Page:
Important Australian + International Fine Art
24 April 2013


(1891 - 1974)

oil and gouache on cardboard

47.5 x 50.5 cm

signed lower left: I Fairweather

$200,000 - 300,000

Collection of Lina Bryans, Melbourne
Thence by descent
Private collection, Melbourne


An Exhibition of Modern European Paintings and Sculpture, Melbourne Town Hall, Melbourne, 1948, cat. 37
Fairweather: a Retrospective Exhibition, Queensland Art Gallery, Brisbane, 3 June – 4 July 1965; Art Gallery of New South Wales, Sydney,21 July – 22 August 1965; National Gallery of Victoria, Melbourne, 9 September – 10 October 1965; National Gallery of South Australia, Adelaide, 26 October – 21 November 1965; Western Australian Art Gallery, Perth, 9 December 1965 – 16 January 1966; Tasmanian Museum and Art Gallery, Hobart, 10 February – 13 March 1966, cat. 73 (label attached verso)
Ian Fairweather 1891-1974, National Gallery of Victoria, Melbourne, 25 September – 6 November 1991(label attached verso)


Forwood, G., Lina Bryans: Rare Modern 1909–2000, Miegunyah Press, Melbourne, 2003, pp. 89, 181
Bail, M., Fairweather, Murdoch Books, Sydney, revised edition 2009, pp. 59–61, 213, 248, cat. 44, pl. 37 (illus.)

Catalogue text

In June 1939 the peripatetic Ian Fairweather moved to Cairns. He eventually settled in Malay Town on Alligator Creek - in the outskirts, among the mangroves, and, like himself, other human outcasts, the Malays, Aborigines and Islanders. His home was a shared boathouse. Writing to Jock Frater in Melbourne, he said, 'I felt at home again ... It is like a little bit of the islands ...'1 Within a month he had completed and dispatched four oils to Frater, including Alligator Creek, Cairns, 1939. Commenting on their significance, Murray Bail acknowledged them as 'the first of his rare Australian subjects: earth, water, foliage and humid sky are one, producing for Fairweather his characteristic 'pattern'. Painted on the spot, they have no pencil work.'2 Like Boats at Soochow Creek, 1938, Alligator Creek, Cairns, 1939 continues the informal, window view of the landscape, with its characteristic high viewpoint. The sky is almost eliminated for an overall two-dimensional effect, creating once again the mural or tapestry look. The closeness of focus is almost intimate, drawing the viewer into the painting. There is a spontaneity of handling and a liveliness of touch in this celebratory transformation of the pictorial into a superb work of art. Although two seated figures occupy the painting's centre, Fairweather integrates them into the picture, dispensing with any central point of interest for the overall. Colour as form echoes form, as colour likewise complements colour. Here is the characteristic sureness of touch and variety that distinguishes the best of Fairweather's work. Moreover, the liveliness of the picture surface gives the painting a chatty quality, although its engaging busyness is the pathway to an inner tranquillity and serenity. In addition to its considerable aesthetic appeal, Alligator Creek, Cairns has added significance by being one of the four last oil paintings Fairweather completed before turning to gouache in July 1939.3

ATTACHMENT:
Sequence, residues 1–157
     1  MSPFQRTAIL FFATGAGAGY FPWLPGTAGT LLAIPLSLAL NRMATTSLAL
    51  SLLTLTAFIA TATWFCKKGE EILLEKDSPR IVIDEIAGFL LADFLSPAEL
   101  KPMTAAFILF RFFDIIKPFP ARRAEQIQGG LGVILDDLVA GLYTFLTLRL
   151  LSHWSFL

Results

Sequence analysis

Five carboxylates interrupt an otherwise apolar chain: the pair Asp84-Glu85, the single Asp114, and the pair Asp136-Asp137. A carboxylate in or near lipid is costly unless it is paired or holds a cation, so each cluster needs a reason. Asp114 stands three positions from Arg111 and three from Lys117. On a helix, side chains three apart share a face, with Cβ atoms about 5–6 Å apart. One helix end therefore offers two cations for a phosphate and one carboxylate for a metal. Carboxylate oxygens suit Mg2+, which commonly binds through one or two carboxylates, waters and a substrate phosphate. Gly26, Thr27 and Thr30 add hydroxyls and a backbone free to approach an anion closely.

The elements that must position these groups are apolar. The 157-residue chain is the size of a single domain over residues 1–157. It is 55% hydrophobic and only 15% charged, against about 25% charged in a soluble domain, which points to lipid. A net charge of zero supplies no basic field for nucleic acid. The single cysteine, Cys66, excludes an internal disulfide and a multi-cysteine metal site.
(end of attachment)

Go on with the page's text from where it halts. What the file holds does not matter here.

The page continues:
Years later, in 1964 at Bribie Island, Fairweather recollected his Alligator Creek days with the greater freedom of abstraction in the painting Malay Village. Here, a lattice of black figurative suggestions of houses sport over a field of yellows and mixed colours in synthetic polymer paint and gouache. Fairweather preferred to call Malay Town a village.4

1. Ian Fairweather to Jock Frater, July 1939, quoted in Bail, M., Fairweather, Murdoch Books, Sydney, revised edition 2009, p. 59
2. Bail, op. cit., p. 59
3. Bail, ibid
4. See Bail, p. 259, cat. 204, pl. 188